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Day 164 – The Loneliest Road in America, Nevada May 10, 2011

I got a slow start to the morning today.  The charger on my computer died last night, so I needed to stick around a large city to go in search of another one when the stores opened.  In the meantime, I stopped off at Bowers Mansion located at a state park between Reno and Carson City.  According to the posted signs, the mansion offers a glimpse into Nevada life in the 1860’s.  The mansion, built in 1864 by Comstock millionaires Sandy Bowers and Allison “Eilley” Oram, reflects the rags-to riches-to rags story commonly associated with Nevada’s silver boom.

After emigrating from Scotland and two failed marriages, Eilley opened a boarding house for miners near Virginia City. She later began buying and selling mining claims.  As luck would have it, LS “Sandy” Bowers, a miner, held a land claim next to Eilley’s at Little Gold Hills mine.  The two met, became business partners, and married.  Their mine began producing $18,000 a week in gold and silver which is almost half a million dollars by today’s standards.  Eilley became queen of Comstock.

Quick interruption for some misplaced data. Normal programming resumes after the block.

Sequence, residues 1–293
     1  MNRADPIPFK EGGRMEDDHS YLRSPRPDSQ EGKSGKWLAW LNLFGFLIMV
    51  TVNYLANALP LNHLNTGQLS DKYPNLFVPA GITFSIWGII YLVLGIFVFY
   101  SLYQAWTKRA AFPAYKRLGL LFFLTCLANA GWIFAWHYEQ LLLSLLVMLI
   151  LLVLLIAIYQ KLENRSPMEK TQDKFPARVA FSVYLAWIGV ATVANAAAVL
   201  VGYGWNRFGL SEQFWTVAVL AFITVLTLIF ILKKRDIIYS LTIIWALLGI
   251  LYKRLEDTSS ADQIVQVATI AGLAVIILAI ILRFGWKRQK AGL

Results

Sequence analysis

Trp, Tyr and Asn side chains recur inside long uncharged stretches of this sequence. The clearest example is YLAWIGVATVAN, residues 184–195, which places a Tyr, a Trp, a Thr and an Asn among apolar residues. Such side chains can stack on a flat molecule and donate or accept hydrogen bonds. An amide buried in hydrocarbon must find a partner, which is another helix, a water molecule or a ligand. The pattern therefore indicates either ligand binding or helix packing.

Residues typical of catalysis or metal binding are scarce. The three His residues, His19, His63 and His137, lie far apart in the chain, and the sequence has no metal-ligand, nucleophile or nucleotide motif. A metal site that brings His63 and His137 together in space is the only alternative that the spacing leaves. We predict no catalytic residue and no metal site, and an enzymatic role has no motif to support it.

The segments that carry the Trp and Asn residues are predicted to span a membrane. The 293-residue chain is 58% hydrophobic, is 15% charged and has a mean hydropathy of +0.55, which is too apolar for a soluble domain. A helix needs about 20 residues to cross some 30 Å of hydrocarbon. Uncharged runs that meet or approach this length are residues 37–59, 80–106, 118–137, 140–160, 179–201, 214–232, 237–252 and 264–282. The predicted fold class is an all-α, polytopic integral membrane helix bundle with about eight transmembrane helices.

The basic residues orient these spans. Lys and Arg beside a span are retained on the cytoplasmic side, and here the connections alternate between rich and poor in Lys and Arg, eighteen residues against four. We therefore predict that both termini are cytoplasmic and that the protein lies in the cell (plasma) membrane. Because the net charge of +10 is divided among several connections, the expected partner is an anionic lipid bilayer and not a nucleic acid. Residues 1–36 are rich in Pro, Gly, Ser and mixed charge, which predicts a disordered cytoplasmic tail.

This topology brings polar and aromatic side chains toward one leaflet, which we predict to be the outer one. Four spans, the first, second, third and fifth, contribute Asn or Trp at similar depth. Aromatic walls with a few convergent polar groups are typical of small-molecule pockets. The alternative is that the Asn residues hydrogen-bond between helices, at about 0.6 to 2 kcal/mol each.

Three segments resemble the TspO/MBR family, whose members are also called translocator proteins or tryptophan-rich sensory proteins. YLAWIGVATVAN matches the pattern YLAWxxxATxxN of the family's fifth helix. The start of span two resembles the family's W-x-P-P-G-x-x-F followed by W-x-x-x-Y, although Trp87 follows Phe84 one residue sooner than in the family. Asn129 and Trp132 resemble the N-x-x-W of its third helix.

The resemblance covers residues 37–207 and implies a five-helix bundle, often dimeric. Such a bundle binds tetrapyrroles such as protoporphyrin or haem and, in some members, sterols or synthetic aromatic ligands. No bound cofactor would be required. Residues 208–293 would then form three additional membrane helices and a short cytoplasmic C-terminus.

Eager to spend their fortune, they built the mansion.  While the mansion was under construction, the couple spent ten months in Europe returning with elegant European furnishings and a baby Margaret Persia.  Unfortunately, the mine ran dry in 1867, Sandy died from a miner’s lung disease a year later, and in 1874 Persia suddenly died at the age of 12.  Eilley was left with a broken heart, the burden of a mine gone bust, and the task of tending to the mansion.